Cilantro needs full sun or light shade in southern zones since it bolts quickly in hot weather. It grows best in a well-drained, moist soil. Cilantro plants should be spaced about 6 to 8 inches apart. To harvest fresh cilantro all season, make successive sowings every 2 to 3 weeks starting in late spring.
Since cilantro grows so quickly, it can also be sown again in the fall in warmer zones. For a steady supply of fresh leaves all summer, make successive sowings of cilantro seed every 2 to 3 weeks beginning in the spring.
From the time of sowing seed, cilantro leaves can begin to be harvested in about 3 to 4 weeks. Cilantro seeds can be harvested in about 45 days.
Cilantro vs Coriander
Throughout most of North America, the stalks and leaves of the Coriandum Sativum plant are known as cilantro and the plant’s dried seeds are called coriander. However, in different parts of the world, the plant is known as coriander & seeds called coriander seeds.
Tips for Growing Cilantro
Cilantro is best grown by directly sowing seed in the garden for two reasons. It grows so quickly it needs no head start indoors, and since cilantro develops a taproot, it doesn’t like being transplanted.
However, if you can’t wait to harvest some fresh cilantro leaves in late spring, about 2 weeks before the average last frost date start cilantro indoors in peat pots that can be directly transplanted into the garden. Seeds germinate in about 7 to 10 days.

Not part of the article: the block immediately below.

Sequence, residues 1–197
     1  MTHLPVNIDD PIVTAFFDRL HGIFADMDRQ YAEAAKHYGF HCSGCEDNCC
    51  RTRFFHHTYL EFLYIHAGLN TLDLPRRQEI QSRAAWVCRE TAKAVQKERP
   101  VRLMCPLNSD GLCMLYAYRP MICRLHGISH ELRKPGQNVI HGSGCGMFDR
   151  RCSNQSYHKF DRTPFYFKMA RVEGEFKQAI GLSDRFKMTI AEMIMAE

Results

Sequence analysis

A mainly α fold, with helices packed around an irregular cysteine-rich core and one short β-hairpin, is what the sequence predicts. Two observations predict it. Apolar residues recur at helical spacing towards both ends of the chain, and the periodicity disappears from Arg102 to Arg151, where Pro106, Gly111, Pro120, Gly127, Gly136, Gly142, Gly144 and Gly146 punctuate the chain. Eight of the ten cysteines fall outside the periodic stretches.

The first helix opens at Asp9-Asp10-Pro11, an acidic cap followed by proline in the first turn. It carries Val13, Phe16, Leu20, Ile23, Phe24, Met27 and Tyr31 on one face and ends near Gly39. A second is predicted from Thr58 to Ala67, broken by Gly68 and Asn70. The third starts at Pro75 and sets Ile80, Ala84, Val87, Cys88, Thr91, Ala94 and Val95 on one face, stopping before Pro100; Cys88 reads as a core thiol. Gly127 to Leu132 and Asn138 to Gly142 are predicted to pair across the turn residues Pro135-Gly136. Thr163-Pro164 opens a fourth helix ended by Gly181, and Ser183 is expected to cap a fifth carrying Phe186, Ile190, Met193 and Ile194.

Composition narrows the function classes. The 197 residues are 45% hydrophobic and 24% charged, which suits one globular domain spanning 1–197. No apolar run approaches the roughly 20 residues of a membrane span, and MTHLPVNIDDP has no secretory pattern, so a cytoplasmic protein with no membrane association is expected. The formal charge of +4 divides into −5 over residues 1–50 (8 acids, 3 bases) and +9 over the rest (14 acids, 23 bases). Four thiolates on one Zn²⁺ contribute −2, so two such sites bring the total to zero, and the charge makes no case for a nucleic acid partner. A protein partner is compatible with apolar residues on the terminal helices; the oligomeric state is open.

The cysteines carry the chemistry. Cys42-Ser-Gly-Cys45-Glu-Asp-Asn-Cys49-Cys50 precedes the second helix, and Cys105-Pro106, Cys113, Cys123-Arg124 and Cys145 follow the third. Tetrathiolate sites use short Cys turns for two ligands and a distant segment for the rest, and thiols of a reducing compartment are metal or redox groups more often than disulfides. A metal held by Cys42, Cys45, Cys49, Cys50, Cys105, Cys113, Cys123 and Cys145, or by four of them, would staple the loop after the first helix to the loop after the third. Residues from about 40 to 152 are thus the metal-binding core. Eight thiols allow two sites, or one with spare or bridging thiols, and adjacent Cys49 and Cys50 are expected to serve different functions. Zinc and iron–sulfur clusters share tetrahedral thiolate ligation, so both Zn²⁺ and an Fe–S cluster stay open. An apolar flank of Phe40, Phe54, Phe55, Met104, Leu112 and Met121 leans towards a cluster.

When growing cilantro, the aim is to maximize foliage. Pinch back young cilantro plants an inch or so to encourage fuller, bushier plants. Snip off the top part of the main stem as soon as it appears to be developing flower buds or seedpods. Cutting off the flower heads redirects the cilantro plants’ energy back into leaf, and not flower or seed production.
Watch the plants carefully as the weather gets hotter. Cilantro has a short life cycle and bolts quickly (develops seed) in hot weather. Once cilantro sets seeds, the plant quickly starts to degrade.
If seeds are allowed to develop, you’ll notice how easily cilantro self-sows when you see delicate, lacy-leaf seedlings growing up around mature plants.